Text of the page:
Interview: Frankie and the Heartstrings


Indie music’s primary colours are on display in this interview; see what happened when Ed Crane discussed pizza, cardboard cut-outs and Ian Hislop with the Sunderland group who are all style, no substance.

Middlesbrough has a lot of problems: the economy is stagnant, the population is decreasing, and the accent is impenetrable. In the midst of this, however, the indie music scene is flourishing. Frankie & the Heartstrings are at its forefront: their album sold well earlier at its release at the beginning of 2011, and they are in the process of taking over the world. Their summer has been the usual whirlwind of the major UK festivals, followed by a tour of Australia and Japan in September. I spoke to drummer Dave Harper (and the rest of the band by proxy – they were sitting next to him in the car) about fans, pizza, style, life on tour, and the North East.

Frankie and the Heartstrings, like many lesser-known indie bands, have a tremendously loyal following. They even have their own fan-club. Dave described their perfect fan as “susceptible, stupider than us, pliable, beautiful; although its mostly just middle aged men who want to suck us off”: the slightly bitter ingratitude might be ascribed to the fact that Dave is happily married, and in his mid-30s. For a band that had a rapid rise out of Northern obscurity, suddenly having hoards of strangers screaming for them has had a pretty huge effect. “There was a big cardboard cut-out of us standing next to the Kings of Leon, in Japan. That was pretty surreal.” The band has also had some trouble getting used to the bizarre mundanity of celebrity: they once spotted Prince eating a bowl of crunchy nut cornflakes.

Their sound is probably not innovative, and probably not normally my kind of thing. The lyrics are numbingly superficial, and straight out of a rhyming dictionary: “well it’s about time that we made a stand / and started playing together in our own band / and its about time that we got things done / so we could do anything and then have some fun”. Musically, they sound like The Holloways, or The Fratellis, or any other generic jangly indie-poppers: they would have been big in 2005. However, their sound is infectiously enthusiastic and unrelentingly charming. In many ways, a complete absence of substance is the point of Frankie and the Heartstrings. Their tracks are effortlessly sing-along-able, and instantly memorable. If you don’t know the band, you probably do know one of their tracks without even realizing it. Their title track from their recent album, ‘Hunger’, was recently featured on the Dominoes ‘Its What We Do’ advert, which tried to make Dominoes look as though it was actually nice. They didn’t get any free pizza – apparently their band manager embezzled it. I asked them if they minded selling out: “It’s really just the band’s function – we don’t get much for record deals, so we have to make revenue in other ways. We don’t really care how many cocks we have to suck”.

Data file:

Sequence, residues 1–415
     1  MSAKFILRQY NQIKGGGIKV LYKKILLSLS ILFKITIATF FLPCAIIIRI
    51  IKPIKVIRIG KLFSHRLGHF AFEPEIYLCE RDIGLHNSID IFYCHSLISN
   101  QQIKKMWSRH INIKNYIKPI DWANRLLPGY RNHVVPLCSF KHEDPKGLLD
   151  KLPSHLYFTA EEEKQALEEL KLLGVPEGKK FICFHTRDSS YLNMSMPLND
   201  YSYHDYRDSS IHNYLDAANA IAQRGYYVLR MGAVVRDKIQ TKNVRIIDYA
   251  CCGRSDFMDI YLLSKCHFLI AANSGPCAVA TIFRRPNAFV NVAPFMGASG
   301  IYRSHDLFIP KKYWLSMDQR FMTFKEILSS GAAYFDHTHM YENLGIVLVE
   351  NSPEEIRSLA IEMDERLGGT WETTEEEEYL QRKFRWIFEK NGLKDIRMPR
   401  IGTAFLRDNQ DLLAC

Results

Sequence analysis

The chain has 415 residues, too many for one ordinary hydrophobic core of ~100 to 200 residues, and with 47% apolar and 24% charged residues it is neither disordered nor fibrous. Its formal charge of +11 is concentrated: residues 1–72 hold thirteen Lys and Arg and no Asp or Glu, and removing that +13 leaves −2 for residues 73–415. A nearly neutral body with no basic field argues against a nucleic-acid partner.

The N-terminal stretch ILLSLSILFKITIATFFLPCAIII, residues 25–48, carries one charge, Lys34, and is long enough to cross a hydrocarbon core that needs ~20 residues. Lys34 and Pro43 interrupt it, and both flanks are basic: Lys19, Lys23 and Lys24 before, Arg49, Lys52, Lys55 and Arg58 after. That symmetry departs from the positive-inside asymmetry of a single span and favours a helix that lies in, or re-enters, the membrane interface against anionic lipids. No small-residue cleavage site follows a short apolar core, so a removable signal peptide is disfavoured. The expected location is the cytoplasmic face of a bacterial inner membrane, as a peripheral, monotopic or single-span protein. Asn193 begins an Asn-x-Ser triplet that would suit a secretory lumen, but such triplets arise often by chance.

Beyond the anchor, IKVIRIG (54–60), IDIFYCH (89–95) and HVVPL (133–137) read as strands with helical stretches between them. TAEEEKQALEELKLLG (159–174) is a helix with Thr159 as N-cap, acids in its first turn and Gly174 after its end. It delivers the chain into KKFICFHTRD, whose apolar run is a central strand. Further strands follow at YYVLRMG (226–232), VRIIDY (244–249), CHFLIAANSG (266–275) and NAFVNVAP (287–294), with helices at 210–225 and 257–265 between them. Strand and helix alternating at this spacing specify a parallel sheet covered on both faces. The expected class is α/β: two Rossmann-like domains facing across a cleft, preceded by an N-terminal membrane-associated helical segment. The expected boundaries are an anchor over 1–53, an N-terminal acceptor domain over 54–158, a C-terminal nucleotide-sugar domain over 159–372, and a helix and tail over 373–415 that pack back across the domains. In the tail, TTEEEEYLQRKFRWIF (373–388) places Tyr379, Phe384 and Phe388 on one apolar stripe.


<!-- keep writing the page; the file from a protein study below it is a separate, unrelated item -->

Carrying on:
I obviously had to ask the band what their favourite pizza toppings were. Steven Dennis said “Meatballs”, Dave Harper said “Lego”, Mick Ross said “Misery”, and Michael McKnight said “Zoe Deschanel”.

Frankie Francis, the band’s eponymous lead singer, has been named by GQ as the 32nd best dressed man in the country: style has always been something that has defined Frankie and the Heartstrings. However, they are insistent it isn’t something that is premeditated: Dave told me “he dresses like a twat – he’d either get beaten up or raped going to my school dressed like that”.

Frankie and the Heartstrings are known as one of the best live bands in the country, and they have an incredibly hectic schedule. They are known for their energy and humour on stage, and as such, their recording career has taken a back-seat. Their second album is in the pipeline, though they only get half a day per week to go to the studio in their underpants: they have about eight songs, inspired by the Wu Tang Clan and Ian Hislop. It has a tentative release date of 2046. Although admittedly at this point in the interview the ‘Mackem’ accent (it isn’t Geordie) got a bit hard to follow.

The Sunderland music scene is definitely one to watch: there is apparently no sense of rivalry or competition amongst bands. The size, compared to Newcastle for instance, creates an intimate breeding ground for indie bands. Their tip for the future is The Lake Poets (, an acoustic indie-folk group from the city.

Frankie and the Heartstrings are definitely a band to go and see: they are hilarious and likeable. You could do far worse.